Forecasters call for a ‘normal’ rainfall season

Billy Birdwell, Senior Public Affairs Specialist, U.S. Army Corps of Engineers Savannah District.

Billy Birdwell, Senior Public Affairs Specialist, U.S. Army Corps of Engineers Savannah District.

About this time in 2013 I began spring by noting forecasters expected a dry summer with continual reductions in reservoir levels. Those predictions became laughable in July when we made only the second operational spillway release in the history of the Hartwell Dam; and when all three reservoirs experienced levels well into flood storage.

No one really complained about too much water, however.

In spite of my poor showing last year, I did some research and will attempt another prediction of the coming months at lakes Hartwell, Russell and Thurmond.

For this column, I consulted NOAA’s website and met with our water managers. As before, this is a prediction, not prophesy. Some years ago, I read a sign near Old Faithful geyser at Yellowstone National Park: “We predict the next eruption, we don’t schedule them.”

During the next 10 weeks, the reservoirs should remain near or even above summer guide curve even though they should not be that high until April 1. The continuing rains, though small, generate 80 to 85 percent of normal runoff due to heavy ground saturation. Long range predictions show equal chances of above normal rainfall and below normal rainfall.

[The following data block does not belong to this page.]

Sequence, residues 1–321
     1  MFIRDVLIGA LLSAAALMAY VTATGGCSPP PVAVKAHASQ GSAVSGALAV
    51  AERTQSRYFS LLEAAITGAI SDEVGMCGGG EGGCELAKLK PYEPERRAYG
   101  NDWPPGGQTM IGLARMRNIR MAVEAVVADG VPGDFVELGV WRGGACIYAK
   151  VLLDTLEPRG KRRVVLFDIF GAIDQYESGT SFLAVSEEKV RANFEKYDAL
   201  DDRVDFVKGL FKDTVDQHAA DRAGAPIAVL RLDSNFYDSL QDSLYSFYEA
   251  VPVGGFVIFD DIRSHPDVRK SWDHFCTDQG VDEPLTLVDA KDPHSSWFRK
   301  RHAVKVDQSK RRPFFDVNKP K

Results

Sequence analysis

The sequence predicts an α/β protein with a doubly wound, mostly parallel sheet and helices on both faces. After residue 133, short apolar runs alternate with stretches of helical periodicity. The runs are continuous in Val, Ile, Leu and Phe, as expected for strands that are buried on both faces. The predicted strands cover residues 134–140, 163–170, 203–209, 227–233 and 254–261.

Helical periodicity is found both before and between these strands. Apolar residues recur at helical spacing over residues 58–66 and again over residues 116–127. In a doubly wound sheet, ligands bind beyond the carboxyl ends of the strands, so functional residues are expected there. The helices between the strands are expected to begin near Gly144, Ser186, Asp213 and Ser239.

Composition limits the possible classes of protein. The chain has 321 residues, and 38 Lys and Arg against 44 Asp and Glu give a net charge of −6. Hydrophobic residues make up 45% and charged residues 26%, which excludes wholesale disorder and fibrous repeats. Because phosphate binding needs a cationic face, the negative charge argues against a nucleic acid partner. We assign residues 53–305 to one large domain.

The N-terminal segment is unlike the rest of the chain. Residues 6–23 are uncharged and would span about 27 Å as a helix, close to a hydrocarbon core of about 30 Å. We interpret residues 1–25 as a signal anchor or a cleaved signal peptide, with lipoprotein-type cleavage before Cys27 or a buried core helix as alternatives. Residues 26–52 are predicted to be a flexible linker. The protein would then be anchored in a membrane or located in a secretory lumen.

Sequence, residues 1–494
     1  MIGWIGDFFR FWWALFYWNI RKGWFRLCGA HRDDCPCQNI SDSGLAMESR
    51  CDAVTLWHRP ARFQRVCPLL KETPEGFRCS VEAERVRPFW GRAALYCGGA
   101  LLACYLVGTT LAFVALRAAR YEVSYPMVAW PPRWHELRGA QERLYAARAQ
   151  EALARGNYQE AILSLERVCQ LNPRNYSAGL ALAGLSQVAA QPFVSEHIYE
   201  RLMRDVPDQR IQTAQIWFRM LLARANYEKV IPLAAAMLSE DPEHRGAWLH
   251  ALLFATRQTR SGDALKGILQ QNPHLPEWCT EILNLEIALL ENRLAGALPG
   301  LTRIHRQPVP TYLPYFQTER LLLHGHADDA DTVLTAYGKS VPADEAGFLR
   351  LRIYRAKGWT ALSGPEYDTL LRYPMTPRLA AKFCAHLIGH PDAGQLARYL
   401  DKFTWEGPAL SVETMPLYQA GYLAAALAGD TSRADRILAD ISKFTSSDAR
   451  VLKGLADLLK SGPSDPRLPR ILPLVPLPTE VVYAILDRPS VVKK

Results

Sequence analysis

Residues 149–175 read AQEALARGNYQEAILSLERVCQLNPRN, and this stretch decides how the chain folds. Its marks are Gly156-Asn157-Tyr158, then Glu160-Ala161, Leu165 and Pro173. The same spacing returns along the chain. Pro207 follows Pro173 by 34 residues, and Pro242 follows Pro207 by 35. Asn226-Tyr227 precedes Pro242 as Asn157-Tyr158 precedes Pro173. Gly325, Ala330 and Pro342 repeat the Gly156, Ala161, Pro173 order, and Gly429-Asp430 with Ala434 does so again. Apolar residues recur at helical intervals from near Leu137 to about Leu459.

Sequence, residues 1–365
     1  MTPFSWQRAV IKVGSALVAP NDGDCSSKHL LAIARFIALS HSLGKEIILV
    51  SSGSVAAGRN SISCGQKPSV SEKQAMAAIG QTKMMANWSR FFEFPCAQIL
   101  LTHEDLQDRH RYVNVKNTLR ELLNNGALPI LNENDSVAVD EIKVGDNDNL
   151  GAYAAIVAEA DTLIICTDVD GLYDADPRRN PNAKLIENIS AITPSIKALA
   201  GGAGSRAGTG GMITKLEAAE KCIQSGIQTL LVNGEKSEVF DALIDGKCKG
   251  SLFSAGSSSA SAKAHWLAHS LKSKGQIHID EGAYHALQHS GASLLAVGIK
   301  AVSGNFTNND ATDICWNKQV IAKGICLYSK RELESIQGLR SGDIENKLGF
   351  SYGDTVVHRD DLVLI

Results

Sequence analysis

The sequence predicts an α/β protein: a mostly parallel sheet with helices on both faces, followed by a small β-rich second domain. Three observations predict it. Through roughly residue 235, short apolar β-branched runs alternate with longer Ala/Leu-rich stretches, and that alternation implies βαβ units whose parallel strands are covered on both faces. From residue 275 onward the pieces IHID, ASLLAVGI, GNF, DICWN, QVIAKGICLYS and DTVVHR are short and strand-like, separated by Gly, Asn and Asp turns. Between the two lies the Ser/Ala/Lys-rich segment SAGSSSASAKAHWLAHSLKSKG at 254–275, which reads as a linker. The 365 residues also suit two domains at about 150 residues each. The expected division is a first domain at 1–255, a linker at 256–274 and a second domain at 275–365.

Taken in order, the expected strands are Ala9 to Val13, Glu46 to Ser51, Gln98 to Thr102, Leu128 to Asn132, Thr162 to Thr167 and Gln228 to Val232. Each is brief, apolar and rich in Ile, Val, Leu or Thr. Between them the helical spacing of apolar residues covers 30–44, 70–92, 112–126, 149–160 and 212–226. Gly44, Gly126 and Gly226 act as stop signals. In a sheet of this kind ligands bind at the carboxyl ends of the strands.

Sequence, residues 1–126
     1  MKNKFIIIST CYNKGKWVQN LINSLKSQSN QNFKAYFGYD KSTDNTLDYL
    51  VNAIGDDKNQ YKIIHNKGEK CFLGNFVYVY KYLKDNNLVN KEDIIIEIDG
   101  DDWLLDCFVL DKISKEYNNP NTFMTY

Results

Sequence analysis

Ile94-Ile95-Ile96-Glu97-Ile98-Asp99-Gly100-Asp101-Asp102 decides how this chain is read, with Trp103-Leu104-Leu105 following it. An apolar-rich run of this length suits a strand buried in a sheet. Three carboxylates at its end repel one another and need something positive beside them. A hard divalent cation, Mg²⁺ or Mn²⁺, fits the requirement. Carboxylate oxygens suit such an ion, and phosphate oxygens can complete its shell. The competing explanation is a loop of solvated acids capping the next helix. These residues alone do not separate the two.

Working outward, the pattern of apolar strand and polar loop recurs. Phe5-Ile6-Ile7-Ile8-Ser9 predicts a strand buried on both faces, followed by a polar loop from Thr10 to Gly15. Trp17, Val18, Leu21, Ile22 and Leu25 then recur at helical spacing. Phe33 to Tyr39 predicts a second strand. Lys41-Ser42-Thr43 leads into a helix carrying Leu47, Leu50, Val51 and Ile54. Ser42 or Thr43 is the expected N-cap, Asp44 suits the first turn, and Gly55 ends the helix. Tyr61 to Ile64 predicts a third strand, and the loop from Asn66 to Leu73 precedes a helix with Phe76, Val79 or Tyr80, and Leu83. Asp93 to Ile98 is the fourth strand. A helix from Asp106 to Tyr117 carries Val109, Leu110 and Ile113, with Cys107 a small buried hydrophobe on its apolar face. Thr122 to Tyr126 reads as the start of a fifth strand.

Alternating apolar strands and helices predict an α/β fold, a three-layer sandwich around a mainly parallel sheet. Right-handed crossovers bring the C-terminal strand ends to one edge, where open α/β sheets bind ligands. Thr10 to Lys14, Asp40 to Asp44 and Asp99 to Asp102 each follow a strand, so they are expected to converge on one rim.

“That just means you’re guessing, right Birdwell?” you may ask. Not completely. Conditions in the oceans indicate some mix of La Niña and El Niño conditions. This usually leads to a “normal” rainfall season.

Normal is good. The reservoirs have been only a little below or well above guide curve for 10 months. Normal rainfall will keep them there. Due to continuing work on the gates at Thurmond Dam and Russell Dam, we must not exceed summer full pool at either location. This means we may need to store some extra water in Hartwell Lake and release it gently through the system.

In addition, fish spawning season will fall sometime in April when we make strong efforts to keep the reservoirs at a constant level. This enhances fish spawning which will lead to better fishing 2 – 3 years later. (More on that in a later posting.)

Okay, that’s what I think you can expect during the upcoming weeks and months. We should begin summer recreation season in very good shape. Where we go after that will require watching and waiting.

By the way, if you haven’t visited the national treasure that is Yellowstone National Park, I recommend the trip – between visits to the Savannah District reservoirs, of course.

~Billy Birdwell, Corporate Communications Office


About U.S. Army Corps of Engineers Savannah District

The U.S. Army Corps of Engineers Savannah District oversees a multimillion dollar military construction program at 11 Army and Air Force installations in Georgia and North Carolina. We also manage water resources across the Coastal Georgia region, including maintenance dredging of the Savannah and Brunswick harbors; operation of three hydroelectric dams and reservoirs along the upper Savannah River; and administration of an extensive stream and wetland permitting and mitigation program within the state of Georgia. Follow us on Twitter @SavannahCorps and on
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